Use specific reasons and examples to support your answer.
As you can see, a mastery of English grammar is essential to your ability to communicate a thorough, coherent answer to this question.
The IELTS has two versions of its test: one for the purpose of acceptance into institutions of higher learning and one for the purpose of working in an English-speaking country. For this article, we will focus on the first, which is called the Academic version.
The IELTS measures one thing: English language proficiency. It is not a pass-or-fail test. You will be given a score from 0 to 9. The score of 0 represents someone who never attempted the test, so you will get at least a score of 1 if you attempt the test at all. A score of 1 is classified as a “non-user” and a score of 10 represents an “expert user.”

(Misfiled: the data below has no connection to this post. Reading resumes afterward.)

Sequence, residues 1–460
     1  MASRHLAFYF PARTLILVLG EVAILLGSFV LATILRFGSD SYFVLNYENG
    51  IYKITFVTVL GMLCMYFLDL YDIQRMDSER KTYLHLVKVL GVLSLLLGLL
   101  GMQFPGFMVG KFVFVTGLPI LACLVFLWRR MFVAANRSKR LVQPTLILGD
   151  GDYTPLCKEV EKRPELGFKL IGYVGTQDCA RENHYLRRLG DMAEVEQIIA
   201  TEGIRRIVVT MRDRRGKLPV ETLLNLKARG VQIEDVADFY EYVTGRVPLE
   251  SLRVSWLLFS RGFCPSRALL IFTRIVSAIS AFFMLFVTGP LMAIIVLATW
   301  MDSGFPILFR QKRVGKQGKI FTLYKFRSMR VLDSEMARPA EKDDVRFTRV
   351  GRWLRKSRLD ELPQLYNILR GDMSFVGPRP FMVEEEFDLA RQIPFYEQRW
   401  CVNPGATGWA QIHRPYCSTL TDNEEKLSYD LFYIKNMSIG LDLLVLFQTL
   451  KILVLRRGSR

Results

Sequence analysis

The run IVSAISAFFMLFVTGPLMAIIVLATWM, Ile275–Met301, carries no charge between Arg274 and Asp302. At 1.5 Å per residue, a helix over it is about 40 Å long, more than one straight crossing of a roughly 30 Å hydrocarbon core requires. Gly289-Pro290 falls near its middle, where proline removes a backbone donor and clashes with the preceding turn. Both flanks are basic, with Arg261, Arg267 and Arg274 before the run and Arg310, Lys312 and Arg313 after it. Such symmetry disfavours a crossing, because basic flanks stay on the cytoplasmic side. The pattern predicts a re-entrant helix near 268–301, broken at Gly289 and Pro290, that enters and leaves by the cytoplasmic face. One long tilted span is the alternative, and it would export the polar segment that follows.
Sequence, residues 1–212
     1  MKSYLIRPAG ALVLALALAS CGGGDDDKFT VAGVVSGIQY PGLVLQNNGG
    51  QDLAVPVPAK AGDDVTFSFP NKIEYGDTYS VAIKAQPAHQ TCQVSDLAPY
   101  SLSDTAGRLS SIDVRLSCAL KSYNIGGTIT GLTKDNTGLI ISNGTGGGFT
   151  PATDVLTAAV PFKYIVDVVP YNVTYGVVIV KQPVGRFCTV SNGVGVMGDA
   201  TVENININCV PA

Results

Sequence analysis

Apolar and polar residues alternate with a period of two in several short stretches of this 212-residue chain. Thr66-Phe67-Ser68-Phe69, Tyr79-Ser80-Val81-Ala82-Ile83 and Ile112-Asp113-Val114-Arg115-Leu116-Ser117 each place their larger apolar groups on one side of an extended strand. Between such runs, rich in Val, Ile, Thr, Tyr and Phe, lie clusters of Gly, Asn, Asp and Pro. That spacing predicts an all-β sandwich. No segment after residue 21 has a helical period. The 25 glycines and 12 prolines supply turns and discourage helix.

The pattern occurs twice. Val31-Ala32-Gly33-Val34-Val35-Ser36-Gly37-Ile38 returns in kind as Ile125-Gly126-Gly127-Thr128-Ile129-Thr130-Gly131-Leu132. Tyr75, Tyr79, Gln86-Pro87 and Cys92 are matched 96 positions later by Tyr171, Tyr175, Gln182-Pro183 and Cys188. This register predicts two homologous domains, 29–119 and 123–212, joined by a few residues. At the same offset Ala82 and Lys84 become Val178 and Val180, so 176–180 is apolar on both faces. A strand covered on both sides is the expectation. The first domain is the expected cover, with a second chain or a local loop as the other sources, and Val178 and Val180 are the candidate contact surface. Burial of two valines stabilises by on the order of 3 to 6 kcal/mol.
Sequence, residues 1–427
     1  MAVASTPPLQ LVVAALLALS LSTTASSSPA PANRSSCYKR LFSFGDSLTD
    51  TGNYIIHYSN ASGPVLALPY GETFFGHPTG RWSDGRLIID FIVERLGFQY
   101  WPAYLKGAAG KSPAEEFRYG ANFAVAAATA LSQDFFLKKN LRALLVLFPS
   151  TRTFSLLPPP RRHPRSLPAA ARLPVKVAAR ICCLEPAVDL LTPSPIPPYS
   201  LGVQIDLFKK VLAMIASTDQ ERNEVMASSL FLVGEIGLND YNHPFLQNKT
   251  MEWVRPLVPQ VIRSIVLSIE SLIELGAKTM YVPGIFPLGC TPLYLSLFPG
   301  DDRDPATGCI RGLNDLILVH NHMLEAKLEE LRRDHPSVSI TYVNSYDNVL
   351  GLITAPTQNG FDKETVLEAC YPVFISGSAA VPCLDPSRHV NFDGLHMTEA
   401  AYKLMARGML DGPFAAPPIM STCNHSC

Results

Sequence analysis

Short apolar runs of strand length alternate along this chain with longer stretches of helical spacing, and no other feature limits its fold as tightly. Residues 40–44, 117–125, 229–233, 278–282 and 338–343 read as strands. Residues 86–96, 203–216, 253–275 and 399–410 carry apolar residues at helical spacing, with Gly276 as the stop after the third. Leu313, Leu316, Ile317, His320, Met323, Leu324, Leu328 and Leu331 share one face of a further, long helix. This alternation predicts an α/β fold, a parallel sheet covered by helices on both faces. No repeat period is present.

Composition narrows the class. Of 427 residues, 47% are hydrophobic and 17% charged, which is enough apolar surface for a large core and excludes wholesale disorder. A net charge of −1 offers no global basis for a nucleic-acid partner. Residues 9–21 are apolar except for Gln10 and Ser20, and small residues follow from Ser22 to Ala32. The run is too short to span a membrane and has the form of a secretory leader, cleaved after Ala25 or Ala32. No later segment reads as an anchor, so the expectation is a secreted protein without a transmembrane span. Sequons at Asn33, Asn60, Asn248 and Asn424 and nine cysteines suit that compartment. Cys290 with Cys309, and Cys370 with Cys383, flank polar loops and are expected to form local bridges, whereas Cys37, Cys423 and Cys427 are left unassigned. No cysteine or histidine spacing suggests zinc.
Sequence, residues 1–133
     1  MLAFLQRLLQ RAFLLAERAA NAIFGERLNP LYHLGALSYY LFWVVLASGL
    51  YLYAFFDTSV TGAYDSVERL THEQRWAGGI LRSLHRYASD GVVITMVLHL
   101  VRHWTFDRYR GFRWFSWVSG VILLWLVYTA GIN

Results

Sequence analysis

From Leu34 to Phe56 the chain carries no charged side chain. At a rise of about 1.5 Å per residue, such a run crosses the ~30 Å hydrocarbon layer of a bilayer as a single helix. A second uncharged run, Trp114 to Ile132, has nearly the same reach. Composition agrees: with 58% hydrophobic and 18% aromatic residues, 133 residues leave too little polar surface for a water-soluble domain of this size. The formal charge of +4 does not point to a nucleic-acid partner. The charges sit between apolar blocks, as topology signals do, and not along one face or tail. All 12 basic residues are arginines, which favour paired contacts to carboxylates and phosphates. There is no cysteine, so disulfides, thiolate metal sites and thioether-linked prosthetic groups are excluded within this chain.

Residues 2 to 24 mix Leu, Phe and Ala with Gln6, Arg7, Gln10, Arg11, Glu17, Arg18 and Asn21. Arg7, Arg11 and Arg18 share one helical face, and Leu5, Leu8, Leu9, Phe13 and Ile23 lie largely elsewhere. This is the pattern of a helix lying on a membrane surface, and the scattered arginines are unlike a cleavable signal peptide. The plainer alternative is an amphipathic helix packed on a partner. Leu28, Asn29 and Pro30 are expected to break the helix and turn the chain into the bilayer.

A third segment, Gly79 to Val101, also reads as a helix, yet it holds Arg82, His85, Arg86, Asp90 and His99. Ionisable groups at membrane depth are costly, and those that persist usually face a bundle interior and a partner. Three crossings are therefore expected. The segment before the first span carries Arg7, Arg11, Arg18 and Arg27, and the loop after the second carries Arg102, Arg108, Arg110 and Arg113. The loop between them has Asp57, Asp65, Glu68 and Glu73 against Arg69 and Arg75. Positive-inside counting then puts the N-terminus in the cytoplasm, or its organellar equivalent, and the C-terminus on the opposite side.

Post-graduate institutions in the US, Canada, Great Britain, and Australia, among others, will likely stipulate a minimum score on the IELTS before acceptance into their programme. The average is around 6, with the highest minimum of 7 belonging to Harvard, Duke, and other top programmes.
With the IELTS examination widely available at around 1,100 locations worldwide, it is unlikely that you will have to travel far to take it. Set aside at least 3-4 hours for the test, which is structured as follows:
- Listening – 30 min
- Reading – 60 min
- Academic Writing – 60 min
- Speaking – 11-14 min
Sample IELTS question using English grammar
Here is an example of an IELTS question from the Academic Writing section of the IELTS: